I'm due to run W9R3 tomorrow and wanted to share my experiences of the program. First of all - it works. When I did my research on the program, some of the durations and what seemed like significant jumps from week to week didn't make sense. Nevertheless, I made sure I followed the program to the letter and I'm very glad I did.
Prior to C25K I had a lower than average fitness level due to a desk-based job and having 2 young kids to keep me busy. I could do 40 minutes on a cross-trainer a couple of times a week, but never really felt like I was improving my fitness and whenever I tried to use the treadmill usually failed after 2 minutes. From following the program, I now know why.
I made the decision to start C25K after I turned 40 and wanted to improve my overall fitness. Having the forum as a knowledge base really helped - right at the start I decided to get gait analysis done and get some proper running trainers as it highlighted over-pronation. I'm sure two of the issues I had prior to C25K whenever I'd tried running (very sore ankle joints and shin splints) were down to using generic trainers - since I have been running in proper trainers I haven't had a problem.
The second message I took from the forums was to pace myself. It's more important to cover the distance rather than worrying about your speed. Again, this is why I think I struggled with running previously - trying to go too fast, too soon. By pacing myself (roughly 8km/hr) I managed to find a comfortable running pace to cover the distances.
I am fortunate to have a free gym at work with a treadmill, so was able to incorporate it in to my work day. The third point I'd make is that it's important to plan ahead for your runs - take your gym bag to work in advance / block time in your diary for your run. If you are running out of work hours, plan time in your day to fit in your run.
It's worth mentioning that running on a treadmill and outside are 2 very different things. Running on a treadmill is easier in my experience as you don't have wind resistance, uneven surfaces, pollen, rock hard ground and a constant gradient. I found running outside (and still do) more challenging because of this. If you are planning to do most of your running on a treadmill, make sure you increase the gradient on the treadmill to try and make it more realistic. My tactic has been to increase the gradient as each running week goes on which seems to help.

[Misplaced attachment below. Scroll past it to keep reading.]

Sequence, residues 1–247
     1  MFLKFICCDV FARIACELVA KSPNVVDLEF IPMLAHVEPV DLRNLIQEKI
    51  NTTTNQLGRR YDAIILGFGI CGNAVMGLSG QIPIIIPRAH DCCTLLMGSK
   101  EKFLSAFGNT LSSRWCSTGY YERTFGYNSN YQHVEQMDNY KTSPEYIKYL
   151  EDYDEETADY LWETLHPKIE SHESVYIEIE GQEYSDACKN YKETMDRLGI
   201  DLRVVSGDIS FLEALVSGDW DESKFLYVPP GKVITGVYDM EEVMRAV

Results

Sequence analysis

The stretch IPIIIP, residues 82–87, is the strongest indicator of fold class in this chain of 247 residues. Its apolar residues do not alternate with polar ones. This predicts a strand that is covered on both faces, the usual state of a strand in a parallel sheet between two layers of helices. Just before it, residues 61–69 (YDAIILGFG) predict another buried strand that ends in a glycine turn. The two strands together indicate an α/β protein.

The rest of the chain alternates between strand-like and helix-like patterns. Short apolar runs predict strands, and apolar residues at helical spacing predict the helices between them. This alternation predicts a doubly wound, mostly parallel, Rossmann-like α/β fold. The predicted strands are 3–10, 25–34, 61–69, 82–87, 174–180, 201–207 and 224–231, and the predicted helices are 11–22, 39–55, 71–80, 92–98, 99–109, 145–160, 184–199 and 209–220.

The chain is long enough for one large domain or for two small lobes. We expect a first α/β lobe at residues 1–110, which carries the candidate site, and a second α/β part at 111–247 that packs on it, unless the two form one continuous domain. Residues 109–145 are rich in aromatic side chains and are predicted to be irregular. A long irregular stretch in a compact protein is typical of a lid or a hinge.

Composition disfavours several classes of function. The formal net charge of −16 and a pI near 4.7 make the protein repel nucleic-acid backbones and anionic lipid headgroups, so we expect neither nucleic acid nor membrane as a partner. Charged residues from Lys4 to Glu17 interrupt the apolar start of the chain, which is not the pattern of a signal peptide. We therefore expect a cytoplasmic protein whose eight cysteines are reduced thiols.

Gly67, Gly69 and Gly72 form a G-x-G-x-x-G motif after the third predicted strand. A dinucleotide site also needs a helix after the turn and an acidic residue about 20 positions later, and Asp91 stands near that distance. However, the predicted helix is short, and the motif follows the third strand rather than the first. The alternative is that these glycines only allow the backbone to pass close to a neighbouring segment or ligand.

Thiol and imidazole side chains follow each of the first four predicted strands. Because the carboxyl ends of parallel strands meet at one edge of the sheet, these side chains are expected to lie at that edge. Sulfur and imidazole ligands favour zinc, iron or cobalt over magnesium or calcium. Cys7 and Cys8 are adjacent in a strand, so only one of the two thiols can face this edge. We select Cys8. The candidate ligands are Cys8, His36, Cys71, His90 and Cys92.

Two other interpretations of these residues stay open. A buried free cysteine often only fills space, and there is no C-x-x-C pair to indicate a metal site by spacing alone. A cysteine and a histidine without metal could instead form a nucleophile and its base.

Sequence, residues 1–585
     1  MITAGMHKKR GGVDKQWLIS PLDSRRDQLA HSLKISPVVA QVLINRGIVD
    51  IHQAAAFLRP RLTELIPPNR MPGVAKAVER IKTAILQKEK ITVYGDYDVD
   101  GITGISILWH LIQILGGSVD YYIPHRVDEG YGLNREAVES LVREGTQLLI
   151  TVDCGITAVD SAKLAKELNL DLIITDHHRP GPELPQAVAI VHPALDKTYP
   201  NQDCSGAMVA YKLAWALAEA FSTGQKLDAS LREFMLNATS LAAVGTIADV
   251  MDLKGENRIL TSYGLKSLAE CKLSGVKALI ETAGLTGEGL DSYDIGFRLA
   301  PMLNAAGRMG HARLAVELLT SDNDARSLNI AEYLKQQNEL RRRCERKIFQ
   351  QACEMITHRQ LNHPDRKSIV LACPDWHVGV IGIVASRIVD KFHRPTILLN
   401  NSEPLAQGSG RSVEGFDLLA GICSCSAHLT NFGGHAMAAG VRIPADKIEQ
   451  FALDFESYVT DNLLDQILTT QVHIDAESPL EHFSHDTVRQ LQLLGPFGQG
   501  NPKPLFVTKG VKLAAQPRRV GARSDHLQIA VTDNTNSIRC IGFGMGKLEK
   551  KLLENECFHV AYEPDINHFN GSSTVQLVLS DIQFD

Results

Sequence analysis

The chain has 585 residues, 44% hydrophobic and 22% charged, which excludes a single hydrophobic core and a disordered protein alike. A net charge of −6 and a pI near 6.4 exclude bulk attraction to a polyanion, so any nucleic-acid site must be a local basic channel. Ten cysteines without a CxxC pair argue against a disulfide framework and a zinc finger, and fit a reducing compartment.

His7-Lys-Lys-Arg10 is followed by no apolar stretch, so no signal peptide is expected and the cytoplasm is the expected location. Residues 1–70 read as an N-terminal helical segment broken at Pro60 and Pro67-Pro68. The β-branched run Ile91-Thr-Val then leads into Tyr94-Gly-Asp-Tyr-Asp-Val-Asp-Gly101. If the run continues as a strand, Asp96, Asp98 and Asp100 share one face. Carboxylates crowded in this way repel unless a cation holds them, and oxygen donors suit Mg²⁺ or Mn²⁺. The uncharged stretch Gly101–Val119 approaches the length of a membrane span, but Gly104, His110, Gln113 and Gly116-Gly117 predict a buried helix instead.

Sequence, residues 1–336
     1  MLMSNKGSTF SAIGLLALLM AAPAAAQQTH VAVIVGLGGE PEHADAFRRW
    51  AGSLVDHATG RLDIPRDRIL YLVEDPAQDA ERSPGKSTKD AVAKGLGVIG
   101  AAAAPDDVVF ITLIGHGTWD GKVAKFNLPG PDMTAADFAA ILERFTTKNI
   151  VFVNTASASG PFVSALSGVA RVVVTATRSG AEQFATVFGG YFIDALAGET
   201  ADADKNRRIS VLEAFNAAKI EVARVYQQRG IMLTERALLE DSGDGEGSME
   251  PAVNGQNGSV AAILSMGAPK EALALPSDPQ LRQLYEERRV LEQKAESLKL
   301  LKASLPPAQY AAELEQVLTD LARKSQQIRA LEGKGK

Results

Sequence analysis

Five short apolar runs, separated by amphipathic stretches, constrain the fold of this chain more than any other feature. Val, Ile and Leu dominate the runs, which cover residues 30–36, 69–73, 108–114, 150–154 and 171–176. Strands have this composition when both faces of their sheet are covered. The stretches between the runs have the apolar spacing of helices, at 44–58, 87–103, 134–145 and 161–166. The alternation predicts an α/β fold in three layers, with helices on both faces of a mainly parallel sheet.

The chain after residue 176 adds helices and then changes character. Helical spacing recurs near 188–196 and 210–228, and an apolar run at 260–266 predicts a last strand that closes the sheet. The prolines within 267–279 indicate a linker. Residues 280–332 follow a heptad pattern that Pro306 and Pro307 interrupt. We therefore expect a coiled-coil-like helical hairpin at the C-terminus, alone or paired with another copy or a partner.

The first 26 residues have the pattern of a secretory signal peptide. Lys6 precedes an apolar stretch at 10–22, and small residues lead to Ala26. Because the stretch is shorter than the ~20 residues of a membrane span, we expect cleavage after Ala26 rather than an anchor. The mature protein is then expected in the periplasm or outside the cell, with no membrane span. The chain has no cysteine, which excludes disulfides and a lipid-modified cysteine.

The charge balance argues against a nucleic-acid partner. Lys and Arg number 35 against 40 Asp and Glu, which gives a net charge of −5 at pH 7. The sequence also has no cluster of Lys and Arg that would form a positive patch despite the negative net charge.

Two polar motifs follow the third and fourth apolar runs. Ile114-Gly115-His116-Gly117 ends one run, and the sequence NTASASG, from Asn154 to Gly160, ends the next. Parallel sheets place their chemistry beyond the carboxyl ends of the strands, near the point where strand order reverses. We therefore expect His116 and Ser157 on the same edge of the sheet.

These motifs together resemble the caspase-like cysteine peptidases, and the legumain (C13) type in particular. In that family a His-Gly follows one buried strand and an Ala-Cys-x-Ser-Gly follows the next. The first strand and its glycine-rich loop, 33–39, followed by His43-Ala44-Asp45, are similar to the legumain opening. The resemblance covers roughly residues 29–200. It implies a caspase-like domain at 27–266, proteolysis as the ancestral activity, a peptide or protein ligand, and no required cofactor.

Depending on what you get out of running, I've benefited from having music with me and having some playlists just for running. Being perfectly honest, I still find running a bit boring (albeit satisfying when you finish) so it's amazing the difference music makes in keeping me going particularly on the longer runs.
I'd also recommend getting either an app for your phone or a fitness watch if you can. I've a Garmin Vivosmart HR+ which I link to Strava. It really helps keep you motivated and helps track your progress and performance.
My final point is to recognise that you are going to have bad days - days where you don't feel like it or have low energy when you are running. Trust me, it does get better and your body adapts and develops stamina. Read through the forums here and you will see it's normal to have ups and downs. Don't give up, trust me. As Michael says - YOU CAN DO THIS!
Sorry for war and peace but hopefully it may help any C25K starters who want to know more.